A toddler was left 'possessed' after tonsillitis triggered a rare condition that caused him to have OCD and a nervous tic.
Jack Gilson, now three, suffered with tonsillitis around ten times in a year after first getting it when he was a one-year-old.
His parents, Lucie and Neil, both 33, were baffled when his behaviour drastically changed overnight, becoming so aggressive he would attack his family.
Feeling as though the touch of others was burning his skin, Jack was unable to be dressed or even leave the house.
Mr and Mrs Gilson, from Ilfarcombe, North Devon, were at their wits' end after being told their son may have Tourette's syndrome, autism or an allergy.
Then, they saw a mother being interviewed on TV who said her son's 'evil behaviour' was due to PANDAS syndrome, an autoimmune response to a streptococcal infection.
Mr and Mrs Gilson saw a specialist as soon as possible, and after Jack was diagnosed with PANDAS, he fully recovered within weeks.
Jack Gilson, now three, suffered with tonsillitis around ten times in a year after first getting it at the age of one in August 2017. He was diagnosed with PANDAS syndrome which had caused his fingernails to fall off. Pictured, in hospital in February after having his tonsils removed
Parents, Lucie and Neil, both 33, were baffled when Jack's behaviour drastically changed overnight, becoming so aggressive he would attack his family. Pictured with sister, Lily, five
Mrs Gilson, a hospitality assistant, said: 'One moment Jack was our wonderful son, who slotted into our family perfectly, and the next he had become a completely different child.
'He went from our perfect, funny little boy, to someone that at his worst we could barely recognise.
'He was always pale and scared, he looked constantly worried and just touching him would cause him pain.
'His tantrums were the worst we had ever seen, it was like he was possessed but because he couldn't be touched, we were helpless.'
Pans and Pandas can, in many cases, be cured with antibiotics. They share some of these symptoms:
Sudden onset of obsessive compulsive disorder, tics or severely restricted food intake combined with two or more of the following:
Anxiety, including separation anxiety, irrational fears and panic episodes.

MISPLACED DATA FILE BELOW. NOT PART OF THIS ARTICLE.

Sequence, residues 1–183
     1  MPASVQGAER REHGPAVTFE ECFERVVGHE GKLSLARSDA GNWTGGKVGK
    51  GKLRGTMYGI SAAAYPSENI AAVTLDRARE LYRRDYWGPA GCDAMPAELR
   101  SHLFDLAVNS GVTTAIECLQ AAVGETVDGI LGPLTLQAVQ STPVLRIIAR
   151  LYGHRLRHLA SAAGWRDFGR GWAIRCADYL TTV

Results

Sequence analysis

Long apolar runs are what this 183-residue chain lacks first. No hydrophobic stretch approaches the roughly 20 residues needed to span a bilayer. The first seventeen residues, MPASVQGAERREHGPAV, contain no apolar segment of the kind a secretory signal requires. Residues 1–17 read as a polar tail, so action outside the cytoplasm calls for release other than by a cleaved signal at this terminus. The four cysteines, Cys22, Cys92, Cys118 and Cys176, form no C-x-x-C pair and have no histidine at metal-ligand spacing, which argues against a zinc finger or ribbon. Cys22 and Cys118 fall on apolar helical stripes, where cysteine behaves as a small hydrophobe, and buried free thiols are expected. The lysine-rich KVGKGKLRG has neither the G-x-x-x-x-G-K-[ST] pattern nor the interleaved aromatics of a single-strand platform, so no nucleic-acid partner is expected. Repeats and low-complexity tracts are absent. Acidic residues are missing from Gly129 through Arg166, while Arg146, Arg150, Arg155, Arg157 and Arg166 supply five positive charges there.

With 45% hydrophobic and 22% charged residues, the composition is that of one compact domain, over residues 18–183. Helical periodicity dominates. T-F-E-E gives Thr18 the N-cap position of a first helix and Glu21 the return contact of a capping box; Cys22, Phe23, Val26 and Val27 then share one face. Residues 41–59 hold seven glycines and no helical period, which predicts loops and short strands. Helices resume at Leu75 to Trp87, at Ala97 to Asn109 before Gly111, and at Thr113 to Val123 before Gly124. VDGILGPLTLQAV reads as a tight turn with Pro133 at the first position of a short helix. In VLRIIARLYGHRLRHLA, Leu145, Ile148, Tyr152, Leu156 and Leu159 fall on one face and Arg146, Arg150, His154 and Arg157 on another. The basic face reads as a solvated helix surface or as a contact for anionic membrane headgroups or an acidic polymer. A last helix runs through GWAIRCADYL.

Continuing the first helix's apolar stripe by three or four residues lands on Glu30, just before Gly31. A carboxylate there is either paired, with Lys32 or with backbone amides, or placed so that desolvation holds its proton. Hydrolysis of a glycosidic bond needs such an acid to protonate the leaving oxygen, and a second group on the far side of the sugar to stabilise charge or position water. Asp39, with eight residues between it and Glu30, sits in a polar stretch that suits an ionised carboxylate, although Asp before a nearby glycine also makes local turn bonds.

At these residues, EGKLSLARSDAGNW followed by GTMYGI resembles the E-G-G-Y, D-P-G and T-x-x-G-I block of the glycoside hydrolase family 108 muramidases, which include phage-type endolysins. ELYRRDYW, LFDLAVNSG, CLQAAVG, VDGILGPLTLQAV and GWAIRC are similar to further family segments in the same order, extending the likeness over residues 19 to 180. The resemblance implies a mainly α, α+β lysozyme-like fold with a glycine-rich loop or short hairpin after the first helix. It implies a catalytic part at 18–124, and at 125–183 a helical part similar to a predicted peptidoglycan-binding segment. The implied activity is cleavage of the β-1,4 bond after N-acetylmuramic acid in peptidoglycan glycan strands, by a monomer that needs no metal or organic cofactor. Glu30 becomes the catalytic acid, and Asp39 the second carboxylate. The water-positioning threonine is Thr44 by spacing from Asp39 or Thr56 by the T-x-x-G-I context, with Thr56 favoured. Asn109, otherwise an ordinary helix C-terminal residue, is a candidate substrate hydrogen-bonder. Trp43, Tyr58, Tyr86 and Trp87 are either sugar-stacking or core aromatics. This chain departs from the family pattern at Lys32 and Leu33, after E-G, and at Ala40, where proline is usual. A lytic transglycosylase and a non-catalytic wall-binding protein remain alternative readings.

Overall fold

Sudden mood changes and/or depression.
Irritability, aggression and/or severe defiant behaviour.
Sudden deterioration in school performance.
Involuntary movement and/or sensory abnormalities (eg, finding textures unbearable).
Regression — a loss of behavioural and/or developmental skills.
Insomnia and/or sleep problems.
Involuntary urination/bed-wetting and/or a need to urinate frequently.
Hallucinations or delusions.
PANDAS, paediatric autoimmune neuropsychiatric disorder, was identified relatively recently in 1998.
Children can suffer with a range of what appear to be mental health symptoms, all of which flare up in the wake of an infection by the streptococcus group of bacteria — a common cause of sore or ‘strep’ throat.
Although it is recognised by the World Health Organization, only a small number of doctors have heard of the condition, meaning many children are misdiagnosed with other conditions such as autism for years.
If PANDAS is caught early it can be effectively treated and can be reversible.
Jack had been perfectly normal until August 2017, when he caught tonsillitis during a holiday to the south of France with his parents and older sister, Lily, five.
Overnight he became uncontrollably angry, but after recovering from tonsillitis, he appeared to be back to his normal self.
Until November 2017 when he caught tonsillitis a second time, and his other strange symptoms returned.
Mrs Gilson said: 'He would have uncontrollable tantrums, more severe than we had ever seen.
Jack had been a perfectly normal child until he first had tonsillitis at the age of one which persisted for over a year. Pictured before with his sister, Lily, five, and father
Jack was left 'possessed' with OCD, a nervous tic and anxiety after tonsillitis triggered a rare condition called PANDAS. Pictured, in hospital after the diagnosis to have his tonsils removed
Jack, pictured after a tantrum that had left him bruised, felt